I'm working on a personal project, a library that can access the weather forecasts and other weather related data from it.

However, a lot of the returned data is sometimes quite redundant or simply doesn't make sense to have certain data within that particular XML element etc. Consider this XML data I get from the service, which contains the hourly forecast:

<pretty>8:00 PM GMT on March 21, 2015</pretty>    
<civil>8:00 PM</civil>    
<weekday_name_night>Saturday Night</weekday_name_night>    
<weekday_name_night_unlang>Saturday Night</weekday_name_night_unlang>    

As you can see there is a lot of data that you probably don't need, because you can calculate/convert the time/date information into a simple DateTime etc. Another useless series of fields is the "padded" ones. There a lot of other examples of this redundancy with other types of weather data as well.

So how should I approach this, have literally every field in the XML available to the user of the library, or just stick to having only the parts that make sense available to the user? I'm leaning towards only the parts that make sense, but wanted to ask the opinion of others.

  • It depends. What function do you want to provide users of your library, supply only machine readable data, data directly usable for display, or both? Is the library a C# library or a new web service? If it's a web service make sure the exposed data can be handled in different programming languages.
    – Kwebble
    Mar 21, 2015 at 23:24

5 Answers 5


I would follow the YAGNI principle and carefully think through what the client needs on his/her side.

Including things that you think the client is going to need is a symptom of a core problem - that being lack of research and/or knowledge what the client actually needs.

  • Hmm interesting point. I don't really have any needs for a client as it's a personal project that some other people may use one day.
    – user9993
    Mar 21, 2015 at 18:24
  • In that case my advice would be as follows: First step is to think out the actual intention of the web service and make it really specific. Once you have that down go through each field and ask the question "Does this field support the intention of the web service?" this way your web service might still include a lot of fields but the bottom line is that all of those fields will be consistent with the intention of the web service which is following a good practice since you are implementing the single responsibility principle. Mar 21, 2015 at 18:29

If the purpose of your API is just to provide data (which is true in my opinion), then do not return redundant or formatted values.

In your example, returning single date/time is enough. This makes your response more concise and less ambitious.

Making assumptions about consumer GUI and interpretation of provided data is usually wrong approach, avoid.


Is your library a weather api that uses existing web services to get data?

In that case you should probably hide the details of the actual ws, and define your own set of attributes for weather data. That way you encapsulate the external dependency from the users of the api.

You may also want to watch how you get data from the xml. Try to only bind your code to the specific elements/tags you actually need. That gives you a bit of forward compatibility in case tags are added to the ws xml schema. If you just serialise the whole xml to a class (ie add service reference), you create a much larger coupling.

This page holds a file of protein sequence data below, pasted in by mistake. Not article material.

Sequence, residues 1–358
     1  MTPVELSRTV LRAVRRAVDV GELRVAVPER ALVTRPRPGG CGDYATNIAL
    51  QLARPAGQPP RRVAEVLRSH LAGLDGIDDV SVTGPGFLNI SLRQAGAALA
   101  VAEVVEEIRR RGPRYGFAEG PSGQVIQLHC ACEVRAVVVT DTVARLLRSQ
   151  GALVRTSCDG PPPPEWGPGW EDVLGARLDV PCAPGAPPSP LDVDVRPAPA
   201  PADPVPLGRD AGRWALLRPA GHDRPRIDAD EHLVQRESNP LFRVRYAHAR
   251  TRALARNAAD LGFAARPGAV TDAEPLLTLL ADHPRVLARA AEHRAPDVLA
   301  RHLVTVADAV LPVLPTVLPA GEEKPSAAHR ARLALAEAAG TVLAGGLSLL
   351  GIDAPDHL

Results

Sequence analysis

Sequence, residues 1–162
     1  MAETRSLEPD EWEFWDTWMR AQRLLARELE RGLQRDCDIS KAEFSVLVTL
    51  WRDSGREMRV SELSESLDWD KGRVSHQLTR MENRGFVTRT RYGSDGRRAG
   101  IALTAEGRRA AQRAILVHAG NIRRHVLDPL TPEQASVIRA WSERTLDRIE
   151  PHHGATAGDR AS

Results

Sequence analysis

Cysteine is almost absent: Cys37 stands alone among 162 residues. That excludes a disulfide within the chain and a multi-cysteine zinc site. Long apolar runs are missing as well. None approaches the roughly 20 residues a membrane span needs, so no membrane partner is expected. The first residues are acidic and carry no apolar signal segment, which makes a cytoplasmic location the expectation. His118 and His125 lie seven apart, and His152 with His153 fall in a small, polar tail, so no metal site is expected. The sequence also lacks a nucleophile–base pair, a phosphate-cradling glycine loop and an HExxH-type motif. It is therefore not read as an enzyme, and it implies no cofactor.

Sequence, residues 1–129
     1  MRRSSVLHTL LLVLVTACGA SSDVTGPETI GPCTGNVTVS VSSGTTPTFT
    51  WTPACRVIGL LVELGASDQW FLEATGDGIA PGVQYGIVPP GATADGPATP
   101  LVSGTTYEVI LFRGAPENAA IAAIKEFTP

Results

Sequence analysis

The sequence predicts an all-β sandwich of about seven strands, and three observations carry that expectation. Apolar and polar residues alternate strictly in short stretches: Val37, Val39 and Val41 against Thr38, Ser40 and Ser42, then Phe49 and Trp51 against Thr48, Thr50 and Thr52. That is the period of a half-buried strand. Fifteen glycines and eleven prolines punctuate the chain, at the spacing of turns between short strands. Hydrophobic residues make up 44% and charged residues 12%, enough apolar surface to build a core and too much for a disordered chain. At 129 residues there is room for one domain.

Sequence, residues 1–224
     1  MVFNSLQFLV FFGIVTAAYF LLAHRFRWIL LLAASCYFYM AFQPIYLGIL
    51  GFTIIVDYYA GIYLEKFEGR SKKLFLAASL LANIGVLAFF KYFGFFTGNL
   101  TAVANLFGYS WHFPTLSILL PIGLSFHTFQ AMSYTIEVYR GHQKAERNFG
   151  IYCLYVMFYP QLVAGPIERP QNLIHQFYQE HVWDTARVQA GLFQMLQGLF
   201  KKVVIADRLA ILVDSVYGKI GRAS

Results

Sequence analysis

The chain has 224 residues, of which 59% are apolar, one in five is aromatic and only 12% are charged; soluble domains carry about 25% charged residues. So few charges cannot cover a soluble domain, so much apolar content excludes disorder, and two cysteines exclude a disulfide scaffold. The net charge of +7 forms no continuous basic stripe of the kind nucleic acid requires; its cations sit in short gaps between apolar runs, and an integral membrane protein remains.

As others have said, you should return only a single representation of each value. It's just simpler and easier for everyone. How to format those values for display is up to the presentation logic, not the service logic. If formatting a dateTime value or padding an integer with zeros is too hard for the presentation logic to do on its own, something is seriously wrong with whatever framework/language the client is using for that logic.

But the other answers didn't really address which representation to pick. So I wanted to add that you should pick a representation which:

  • Contains all of the actual information. For instance, the month should be in there somewhere, but not ten different ways of specifying it.
  • Uses the simpler/more concise representation when multiple options exist. For instance, if you use the 24-hour clock, you won't need an AM/PM field. This is so trivial to add in clientside code that it's simply not worth complicating your API.
  • Is a structured object rather than a string. Otherwise all your clients have to write parsing utilities before they can start on the actual formatting. (Big exception for standard, widely-used formats like ISO 8601 which are exceptionally easy to parse and have many parsers already available. In fact, returning a single ISO 8601 string might be ideal for you.)
  • Either avoids localization issues entirely or explicitly handles them. By that I mean, either the month/weekday/etc are represented by numbers/enums, or your service requests all have a language parameter so they can return properly localized strings. Whichever one you pick, be consistent.

Finally, if there is a legitimate reason for you to be doing the formatting in your service (eg, you're generating a .pdf with a table containing three thousand dateTime values) then the client should be required to provide a format specifier in their request, and this needs to be very thoroughly documented. And the localization thing applies again.


You will probably want to expose it in an easily consumable format like a timestamp and let the consumer choose how to interpret it. Something else that might help is to assume that this is what your API returns and attempt to code to it in a couple different use cases. If it feels messy, try returning the data in a different format and see if it becomes easier to use.

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